You can transform your operations to deliver more sustainable and effective agricultural production through smart farming. Smart farming also benefits the environment through more efficient water use and optimizing inputs and treatments. 

“Smart farming can make agriculture more profitable for the farmer. Decreasing resource inputs will save the farmer money and labor, and increased reliability of spatially explicit data will reduce risks. Optimal, site-specific weather forecasts, yield projections, and probability maps for diseases and disasters based on a dense network of weather and climate data will allow cultivation of cops in an optimal way.” – 2017, PNAS 


Here are a few ways IIoT can improve modern agriculture:

  • Smart ag sensors collect data surrounding soil quality, weather, crop growth, and herd health so you can track the state of your business, equipment efficiency, and workforce performance.
  • IIoT gives you more control over internal processes and lowers production risks. You can improve distribution forecasts with better production output visibility. 
  • IIoT gives you more production control to reduce waste and improve cost management. When you can monitor crop growth or herd health anomalies in real-time, you can lessen the possibility of yield loss. 
  • IIoT process automation increases business efficiency. Smart devices allow you to automate critical production cycle processes like irrigation, pest control, fertilization, and more. 
  • Automation can enhance product quality and output. Agriculture automation gives you more control over production processes, helps you maintain higher crop quality standards, and enhances growth capacity. 

Sample Agricultural Automation and IIoT Use-Cases


Grain-Bin Level Monitoring and Control

Agriculture automation gives farmers real-time visibility into storage conditions and ensures blowers only operate during off-peak electrical hours, saving as much as 50% in energy costs. 


Automated Irrigation and Compliance

Precision agriculture technologies let you schedule off-peak hour irrigation, allowing you to save as much as $30,000 per year in energy costs. You can automate water consumption reporting processes to ensure regulatory compliance. 


Herd Health Tracking

Smart ag technology helps farmers monitor feed intake to improve livestock health and mitigate feed shrink. 


Self-Driving and Autonomous Tractors

Real-time kinetics from precision agriculture technologies improve guidance and steering accuracy up to 100 times compared to traditional GPS.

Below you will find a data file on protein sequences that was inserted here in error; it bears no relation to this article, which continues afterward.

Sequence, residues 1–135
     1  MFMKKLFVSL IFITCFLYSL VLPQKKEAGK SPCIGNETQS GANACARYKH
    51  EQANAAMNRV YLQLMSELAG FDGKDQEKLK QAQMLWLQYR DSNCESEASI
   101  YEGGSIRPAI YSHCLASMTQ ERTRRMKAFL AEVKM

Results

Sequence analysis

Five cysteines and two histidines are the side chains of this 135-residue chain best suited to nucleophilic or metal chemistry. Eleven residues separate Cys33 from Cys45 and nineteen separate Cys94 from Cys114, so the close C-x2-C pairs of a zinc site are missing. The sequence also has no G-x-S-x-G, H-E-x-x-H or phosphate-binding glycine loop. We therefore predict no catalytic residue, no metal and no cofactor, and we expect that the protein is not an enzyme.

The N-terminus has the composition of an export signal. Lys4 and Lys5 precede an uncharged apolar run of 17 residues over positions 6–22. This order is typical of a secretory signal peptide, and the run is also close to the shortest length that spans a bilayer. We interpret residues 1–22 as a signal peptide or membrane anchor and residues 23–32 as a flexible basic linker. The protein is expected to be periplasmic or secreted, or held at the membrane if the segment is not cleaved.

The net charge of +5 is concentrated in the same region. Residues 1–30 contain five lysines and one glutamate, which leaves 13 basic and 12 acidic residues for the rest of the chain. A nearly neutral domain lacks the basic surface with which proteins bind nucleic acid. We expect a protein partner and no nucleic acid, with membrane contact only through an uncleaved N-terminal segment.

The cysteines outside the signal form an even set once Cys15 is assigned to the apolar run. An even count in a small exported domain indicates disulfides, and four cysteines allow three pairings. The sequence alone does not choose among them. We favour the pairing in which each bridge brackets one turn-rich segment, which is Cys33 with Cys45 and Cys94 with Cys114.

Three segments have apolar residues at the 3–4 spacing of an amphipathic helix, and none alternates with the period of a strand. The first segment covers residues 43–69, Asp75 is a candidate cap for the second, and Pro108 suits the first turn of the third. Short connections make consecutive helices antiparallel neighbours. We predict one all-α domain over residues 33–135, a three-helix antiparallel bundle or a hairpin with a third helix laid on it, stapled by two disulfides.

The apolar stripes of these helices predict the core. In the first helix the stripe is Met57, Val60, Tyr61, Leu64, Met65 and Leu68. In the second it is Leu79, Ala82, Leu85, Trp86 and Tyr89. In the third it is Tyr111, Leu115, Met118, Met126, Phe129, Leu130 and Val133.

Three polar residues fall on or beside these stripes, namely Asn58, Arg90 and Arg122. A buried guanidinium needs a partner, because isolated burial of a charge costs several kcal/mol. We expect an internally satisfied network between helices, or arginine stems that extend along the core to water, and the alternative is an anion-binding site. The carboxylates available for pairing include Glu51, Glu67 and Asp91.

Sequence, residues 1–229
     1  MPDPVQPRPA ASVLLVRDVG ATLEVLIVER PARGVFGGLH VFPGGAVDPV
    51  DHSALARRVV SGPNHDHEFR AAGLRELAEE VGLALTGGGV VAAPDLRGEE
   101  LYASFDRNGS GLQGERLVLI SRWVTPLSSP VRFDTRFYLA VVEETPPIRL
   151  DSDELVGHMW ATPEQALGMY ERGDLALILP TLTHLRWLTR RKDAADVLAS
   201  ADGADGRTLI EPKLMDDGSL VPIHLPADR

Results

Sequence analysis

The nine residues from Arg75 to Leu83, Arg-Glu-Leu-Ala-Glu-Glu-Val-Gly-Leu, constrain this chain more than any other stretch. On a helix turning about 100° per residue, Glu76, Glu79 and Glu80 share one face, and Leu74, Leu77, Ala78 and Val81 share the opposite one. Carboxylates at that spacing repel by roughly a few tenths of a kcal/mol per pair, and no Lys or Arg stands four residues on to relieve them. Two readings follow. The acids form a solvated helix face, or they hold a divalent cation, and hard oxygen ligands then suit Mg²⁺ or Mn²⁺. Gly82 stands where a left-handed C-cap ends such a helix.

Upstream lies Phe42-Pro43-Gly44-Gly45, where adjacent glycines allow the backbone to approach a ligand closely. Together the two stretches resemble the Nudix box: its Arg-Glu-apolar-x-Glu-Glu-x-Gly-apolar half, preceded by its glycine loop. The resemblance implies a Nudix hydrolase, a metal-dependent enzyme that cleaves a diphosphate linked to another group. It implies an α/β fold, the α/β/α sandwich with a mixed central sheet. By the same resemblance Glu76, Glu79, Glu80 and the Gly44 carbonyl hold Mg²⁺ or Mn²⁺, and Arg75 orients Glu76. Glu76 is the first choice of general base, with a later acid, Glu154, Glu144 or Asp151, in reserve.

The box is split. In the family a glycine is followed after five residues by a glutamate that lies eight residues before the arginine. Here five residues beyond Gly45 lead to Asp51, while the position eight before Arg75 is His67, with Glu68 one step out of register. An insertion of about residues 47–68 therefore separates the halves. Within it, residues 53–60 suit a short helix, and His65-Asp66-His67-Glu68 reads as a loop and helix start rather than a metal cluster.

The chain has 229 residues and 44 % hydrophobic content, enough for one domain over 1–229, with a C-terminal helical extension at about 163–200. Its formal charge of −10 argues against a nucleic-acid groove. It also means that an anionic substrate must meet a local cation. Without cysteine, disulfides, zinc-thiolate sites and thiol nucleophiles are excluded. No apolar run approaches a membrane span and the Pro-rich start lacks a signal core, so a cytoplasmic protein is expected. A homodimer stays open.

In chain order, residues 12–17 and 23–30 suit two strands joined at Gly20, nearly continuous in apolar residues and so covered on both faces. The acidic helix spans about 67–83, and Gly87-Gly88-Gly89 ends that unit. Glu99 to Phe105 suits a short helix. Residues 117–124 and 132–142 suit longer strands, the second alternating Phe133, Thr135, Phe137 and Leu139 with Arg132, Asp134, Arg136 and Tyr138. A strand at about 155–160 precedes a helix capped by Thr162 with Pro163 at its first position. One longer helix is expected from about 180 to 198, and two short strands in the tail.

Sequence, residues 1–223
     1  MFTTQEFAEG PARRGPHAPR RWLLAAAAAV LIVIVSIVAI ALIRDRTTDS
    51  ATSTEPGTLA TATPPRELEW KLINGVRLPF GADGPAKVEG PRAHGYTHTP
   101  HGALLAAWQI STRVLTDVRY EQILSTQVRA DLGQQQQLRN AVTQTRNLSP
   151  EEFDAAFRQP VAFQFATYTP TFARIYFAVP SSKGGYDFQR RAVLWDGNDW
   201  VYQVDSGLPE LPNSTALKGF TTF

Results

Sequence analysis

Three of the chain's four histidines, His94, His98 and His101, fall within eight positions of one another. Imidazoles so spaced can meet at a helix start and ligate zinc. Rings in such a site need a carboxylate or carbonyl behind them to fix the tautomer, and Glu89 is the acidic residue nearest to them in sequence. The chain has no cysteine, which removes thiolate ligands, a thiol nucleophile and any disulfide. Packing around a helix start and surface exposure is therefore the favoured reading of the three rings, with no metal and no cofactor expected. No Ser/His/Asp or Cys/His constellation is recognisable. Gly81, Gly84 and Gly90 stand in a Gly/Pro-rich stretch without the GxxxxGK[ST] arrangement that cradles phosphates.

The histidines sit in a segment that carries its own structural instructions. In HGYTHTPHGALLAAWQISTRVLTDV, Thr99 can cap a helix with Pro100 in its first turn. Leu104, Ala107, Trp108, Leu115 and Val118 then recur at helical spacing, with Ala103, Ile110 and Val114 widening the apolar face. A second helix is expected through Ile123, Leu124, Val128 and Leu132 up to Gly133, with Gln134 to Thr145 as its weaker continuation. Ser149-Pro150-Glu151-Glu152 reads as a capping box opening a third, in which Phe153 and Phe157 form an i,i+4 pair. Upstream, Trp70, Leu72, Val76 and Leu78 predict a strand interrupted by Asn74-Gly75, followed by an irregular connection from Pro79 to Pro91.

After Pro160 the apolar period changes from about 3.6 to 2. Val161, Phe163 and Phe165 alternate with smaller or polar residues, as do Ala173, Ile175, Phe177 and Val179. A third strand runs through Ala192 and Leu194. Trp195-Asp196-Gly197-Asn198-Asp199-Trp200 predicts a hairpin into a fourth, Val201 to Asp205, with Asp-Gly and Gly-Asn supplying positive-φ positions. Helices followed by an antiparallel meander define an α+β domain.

Intelligent Weed Control

The Industrial Internet of Things (IIoT) powers high-accuracy robotic weeders to reduce herbicide consumption by 20%. 


We want to infuse intelligence into your agriculture operations. 

Making the most of automation in agriculture means ensuring field data is easily accessible no matter where the information is generated. But before you can automate agricultural processes, you need technologies that let your devices in the field communicate with each other – that’s where IIoT enters the picture. 

“Before you can automate farm operations, you need accurate data about the state of the farm. You also need a way for autonomous devices to connect with one another. This is the realm of the Internet of Things (IoT). IoT devices are the sensors, gauges, and machines that are connected across a farm using Bluetooth, a cellular network, or some other type of connection. More IoT devices allow growers to collect more data about the state of their farms, and IoT is showing great promise for optimizing resource delivery and driving precision agriculture to achieve maximum efficiency.” – 2018, realagriculture.com

Our solutions can power your automated agriculture systems, combining IQ edge data processing, sensor data capture, and network communications to meet the unique demands of your farm so you can easily uphold compliance as regulatory pressures increase. 


Is your farm smart? Speak to a Freewave Smart Ag expert today at +1(866)923-6168 or here.


The content & opinions in this article are the author’s and do not necessarily represent the views of AgriTechTomorrow